Fedora Docs Steering Committee

Karsten Wade kwade at redhat.com
Thu Apr 7 00:24:29 UTC 2005

As part of the evolution of the Fedora Project, we have formed a
steering committee to oversee documentation activity.  


The Fedora Documentation Steering Committee (FDSC) is:

* Gavin Henry 
* Karsten Wade (chair/project lead) 
* Mark Johnson 
* Paul Frields 
* Stuart Ellis 
* Tammy Fox 
* Tommy Reynolds 

## More information below than you want to read, unless you want to:

In essence, the overall Fedora Steering Committee empowers the Fedora
Documentation Steering Committee (FDSC) to run the documentation project
according the guidelines of the overall project.  The chair of the
committee (that's me) is then accountable for the entirety of the
documentation process.  The chair can delegate any of those tasks, from
writing and editing to managing CVS and Web publication.  In fact, the
structure is such that the chair -must- delegate or drown in the

All committee work is done in the open.  Read the charter and process
docs linked from the Wiki page above for more information.

It is a stated goal of Fedora steering committees to be balanced with
members of the Fedora community.  This translates as, "People who don't
work for Red Hat."

For this reason, we have formed the first round of the committee with
four members of the community-at-large and three of us from Red Hat.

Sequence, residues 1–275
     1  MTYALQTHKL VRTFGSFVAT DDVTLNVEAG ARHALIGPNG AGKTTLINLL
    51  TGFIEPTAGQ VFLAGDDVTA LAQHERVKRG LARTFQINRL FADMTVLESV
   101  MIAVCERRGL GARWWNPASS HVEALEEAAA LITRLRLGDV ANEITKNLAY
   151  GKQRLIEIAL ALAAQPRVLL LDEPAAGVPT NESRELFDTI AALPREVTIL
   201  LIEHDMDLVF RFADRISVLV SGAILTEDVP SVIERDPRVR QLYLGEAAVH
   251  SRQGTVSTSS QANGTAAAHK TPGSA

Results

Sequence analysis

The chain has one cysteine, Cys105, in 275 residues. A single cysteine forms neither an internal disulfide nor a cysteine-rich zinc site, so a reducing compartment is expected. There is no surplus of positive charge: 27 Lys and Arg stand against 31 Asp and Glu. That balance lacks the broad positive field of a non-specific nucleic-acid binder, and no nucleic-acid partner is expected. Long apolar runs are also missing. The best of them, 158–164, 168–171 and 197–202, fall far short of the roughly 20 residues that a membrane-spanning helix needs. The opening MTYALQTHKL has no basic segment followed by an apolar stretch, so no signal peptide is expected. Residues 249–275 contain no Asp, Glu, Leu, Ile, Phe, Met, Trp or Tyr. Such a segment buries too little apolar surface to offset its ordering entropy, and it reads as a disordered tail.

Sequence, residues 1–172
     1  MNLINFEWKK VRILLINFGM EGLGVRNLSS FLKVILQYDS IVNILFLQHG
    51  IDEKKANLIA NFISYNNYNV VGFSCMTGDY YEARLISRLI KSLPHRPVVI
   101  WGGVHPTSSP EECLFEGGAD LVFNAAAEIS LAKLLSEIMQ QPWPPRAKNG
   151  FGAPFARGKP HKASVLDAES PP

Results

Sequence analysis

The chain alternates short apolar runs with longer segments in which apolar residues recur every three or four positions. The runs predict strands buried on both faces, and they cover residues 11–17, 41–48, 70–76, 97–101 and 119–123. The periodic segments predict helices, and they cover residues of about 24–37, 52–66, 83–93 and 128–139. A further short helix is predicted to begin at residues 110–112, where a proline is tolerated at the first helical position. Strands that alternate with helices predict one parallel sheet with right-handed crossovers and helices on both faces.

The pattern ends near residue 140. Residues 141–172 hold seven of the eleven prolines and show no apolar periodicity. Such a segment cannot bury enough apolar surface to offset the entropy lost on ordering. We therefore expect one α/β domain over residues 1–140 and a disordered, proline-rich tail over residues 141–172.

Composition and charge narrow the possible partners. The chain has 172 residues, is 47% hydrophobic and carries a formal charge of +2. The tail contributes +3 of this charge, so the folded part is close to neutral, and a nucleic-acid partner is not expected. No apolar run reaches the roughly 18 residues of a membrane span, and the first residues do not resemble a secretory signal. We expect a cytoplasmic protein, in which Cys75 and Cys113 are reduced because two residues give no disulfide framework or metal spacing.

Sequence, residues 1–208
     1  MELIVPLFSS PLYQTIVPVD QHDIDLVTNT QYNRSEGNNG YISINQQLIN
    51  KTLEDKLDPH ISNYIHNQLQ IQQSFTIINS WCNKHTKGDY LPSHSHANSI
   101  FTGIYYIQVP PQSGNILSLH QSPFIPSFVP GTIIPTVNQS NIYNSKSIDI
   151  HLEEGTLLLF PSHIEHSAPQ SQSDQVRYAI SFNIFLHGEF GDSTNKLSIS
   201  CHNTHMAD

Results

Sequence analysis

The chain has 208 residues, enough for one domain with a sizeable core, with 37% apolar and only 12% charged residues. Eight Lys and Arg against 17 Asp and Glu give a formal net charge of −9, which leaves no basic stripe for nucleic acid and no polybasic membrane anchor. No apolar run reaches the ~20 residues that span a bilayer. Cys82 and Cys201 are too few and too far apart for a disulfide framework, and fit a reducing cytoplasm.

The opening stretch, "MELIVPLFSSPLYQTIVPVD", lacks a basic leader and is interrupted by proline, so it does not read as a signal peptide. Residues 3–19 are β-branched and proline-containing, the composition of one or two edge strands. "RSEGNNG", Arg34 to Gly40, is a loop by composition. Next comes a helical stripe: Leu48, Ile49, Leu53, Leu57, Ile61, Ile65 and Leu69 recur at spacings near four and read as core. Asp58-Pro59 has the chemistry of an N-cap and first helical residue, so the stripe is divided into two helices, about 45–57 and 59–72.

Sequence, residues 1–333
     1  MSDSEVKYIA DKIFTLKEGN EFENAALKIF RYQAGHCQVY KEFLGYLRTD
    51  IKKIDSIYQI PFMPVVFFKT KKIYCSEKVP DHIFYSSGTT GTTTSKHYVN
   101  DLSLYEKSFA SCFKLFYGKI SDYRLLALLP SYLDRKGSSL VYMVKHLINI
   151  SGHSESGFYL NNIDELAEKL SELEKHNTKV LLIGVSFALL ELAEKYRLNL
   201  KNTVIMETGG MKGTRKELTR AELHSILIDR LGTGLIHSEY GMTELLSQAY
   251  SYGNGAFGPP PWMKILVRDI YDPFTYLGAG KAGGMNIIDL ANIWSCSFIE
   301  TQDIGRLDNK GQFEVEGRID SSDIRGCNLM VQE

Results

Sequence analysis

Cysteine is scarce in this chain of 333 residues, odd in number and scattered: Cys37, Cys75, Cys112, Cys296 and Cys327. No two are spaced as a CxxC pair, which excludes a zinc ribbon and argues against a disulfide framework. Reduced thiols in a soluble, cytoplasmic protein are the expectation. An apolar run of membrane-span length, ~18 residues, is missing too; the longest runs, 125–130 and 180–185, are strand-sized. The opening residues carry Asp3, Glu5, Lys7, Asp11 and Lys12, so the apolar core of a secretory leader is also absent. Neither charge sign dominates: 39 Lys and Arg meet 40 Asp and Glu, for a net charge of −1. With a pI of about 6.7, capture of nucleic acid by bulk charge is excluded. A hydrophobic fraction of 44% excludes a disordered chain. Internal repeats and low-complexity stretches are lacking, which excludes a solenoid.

If you want all the gory details of what the committee does and how it
works, read the charter and process docs.  These people were picked for
the committee because of merit.  In the future, when there is more room
on the committee and/or sub-committees are created, we will be looking
around for other project members who merit inclusion.

My objective, in chairing the committee and running the project, is to
get relevant Fedora documentation written.  My emphasis is on quality
over quantity.  You will see the FDSC active on the list, working out
processes, and working within and without process to get stuff done.

There are advantages to having a minimal amount of order.  Many here
would agree with this approach.  It is easier to get stuff done.  Even
grassroots organizing is organized.

There are also advantages of process.  Without enough good process, the
project will not survive.  A company can enforce process on their
management of a distro, but for a community to buy into the process, it
must arise from the community.  There will be necessary process created
and followed for this project.

Cheers - Karsten
Karsten Wade, RHCE * Sr. Tech Writer * http://people.redhat.com/kwade/
gpg fingerprint:  2680 DBFD D968 3141 0115    5F1B D992 0E06 AD0E 0C41   
                       Red Hat SELinux Guide
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